Vintage Christmas Cards – House Box

Recently I came across some family Christmas cards I had designed with the help of my father who owned a letterpress printing press and had cuts (think metal stamps on wooden blocks similar to rubber stamps on wood blocks) made of my drawings. The printing press held an 8×10-inch frame which held the cuts and metal type (letters). Paper was hand-fed into the press which had an electric motor connected with a leather belt which turned the press wheel. From about age 8 and on I earned pocket money running the press to add people’s names to their store-bought Christmas cards, “From the Desk of” notepads and other small print jobs from family and friends.

The five cards that I am sharing this week were created before the computer drawing program Auto-CAD was widely available to individuals. (I know we didn’t have access to digital type fonts that Apple computers offered around that time.) I used rulers, India ink pens and protractors to draw the pop-ups.

The 1982 “From Our House To Your House” house box postcard was an outgrowth of my fascination with creating house boxes. I had been introduced to box making in a high school commercial art class where I created a blue and white farmhouse box for perfume. At college I expanded on the farmhouse box design by creating a cardboard embossing plate to add raised clapboard siding and roof shingles that was run through an intaglio press. In 1981 I had completed an internship at a historic house museum which was a red brick Victorian house.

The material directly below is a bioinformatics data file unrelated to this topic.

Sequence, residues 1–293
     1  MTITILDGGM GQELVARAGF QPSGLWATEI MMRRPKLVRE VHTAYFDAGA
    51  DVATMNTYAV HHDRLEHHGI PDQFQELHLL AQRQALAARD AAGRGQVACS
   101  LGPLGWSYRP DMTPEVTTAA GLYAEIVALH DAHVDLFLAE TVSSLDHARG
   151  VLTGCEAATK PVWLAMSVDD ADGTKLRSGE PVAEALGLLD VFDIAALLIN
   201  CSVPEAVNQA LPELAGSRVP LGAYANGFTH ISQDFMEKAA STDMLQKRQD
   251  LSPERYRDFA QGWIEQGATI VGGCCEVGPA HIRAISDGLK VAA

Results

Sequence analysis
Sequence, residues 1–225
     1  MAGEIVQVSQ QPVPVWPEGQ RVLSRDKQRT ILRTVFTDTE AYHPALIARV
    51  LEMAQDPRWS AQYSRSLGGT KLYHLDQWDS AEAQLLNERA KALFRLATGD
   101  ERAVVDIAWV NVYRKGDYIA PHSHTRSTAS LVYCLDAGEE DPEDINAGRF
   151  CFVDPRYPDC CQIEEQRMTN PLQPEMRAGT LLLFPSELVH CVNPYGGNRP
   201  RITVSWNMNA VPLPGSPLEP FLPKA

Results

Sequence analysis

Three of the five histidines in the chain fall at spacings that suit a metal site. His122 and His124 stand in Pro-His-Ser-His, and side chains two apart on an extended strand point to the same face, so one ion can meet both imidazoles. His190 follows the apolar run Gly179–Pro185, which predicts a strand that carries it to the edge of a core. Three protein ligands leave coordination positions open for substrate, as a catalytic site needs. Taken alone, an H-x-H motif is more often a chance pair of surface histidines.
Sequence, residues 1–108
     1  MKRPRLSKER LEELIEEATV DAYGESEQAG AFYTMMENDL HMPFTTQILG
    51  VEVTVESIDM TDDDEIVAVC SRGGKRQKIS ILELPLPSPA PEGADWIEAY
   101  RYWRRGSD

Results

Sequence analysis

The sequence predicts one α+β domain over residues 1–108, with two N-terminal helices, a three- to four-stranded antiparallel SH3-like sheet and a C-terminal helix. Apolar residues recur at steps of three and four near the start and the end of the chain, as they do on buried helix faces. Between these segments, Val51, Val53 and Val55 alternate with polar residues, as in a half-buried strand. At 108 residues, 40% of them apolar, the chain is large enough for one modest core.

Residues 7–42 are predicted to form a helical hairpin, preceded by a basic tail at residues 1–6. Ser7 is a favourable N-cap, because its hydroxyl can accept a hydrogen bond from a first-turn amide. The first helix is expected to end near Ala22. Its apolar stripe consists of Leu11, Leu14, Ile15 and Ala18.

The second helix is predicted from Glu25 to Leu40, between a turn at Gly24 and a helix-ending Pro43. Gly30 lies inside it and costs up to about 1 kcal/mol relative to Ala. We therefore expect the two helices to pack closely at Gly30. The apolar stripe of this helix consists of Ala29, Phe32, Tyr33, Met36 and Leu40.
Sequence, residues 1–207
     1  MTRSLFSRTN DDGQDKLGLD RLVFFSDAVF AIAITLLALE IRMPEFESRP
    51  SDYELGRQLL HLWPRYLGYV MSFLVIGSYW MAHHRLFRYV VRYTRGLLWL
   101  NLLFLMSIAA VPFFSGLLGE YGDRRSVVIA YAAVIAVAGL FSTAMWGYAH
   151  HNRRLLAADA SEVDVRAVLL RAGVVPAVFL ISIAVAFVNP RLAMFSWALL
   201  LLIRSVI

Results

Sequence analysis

The challenge with creating a house box on a postcard was how much would fit on a 5 3/4-inch x 3 3/4-inch postcard. I drew the box on an 8 1/2-inch x 11-inch sheet of paper and used a photocopying machine to reduce it in size.

My father was experimenting with a new technique for him using rub-on sheets of dots to create the coloring of sections of the drawing. He had three cuts made – one for the black drawing, one for the green roof, door wreath and greenery and the last one for the red bricks.

For one postcard, it took four runs through the printing press. We printed 400+ of these cards starting in October.

A few of our friends said they had cut and assembled the wee house box adding the suggest string loop.

Here are other vintage Christmas cards:

  • House Box

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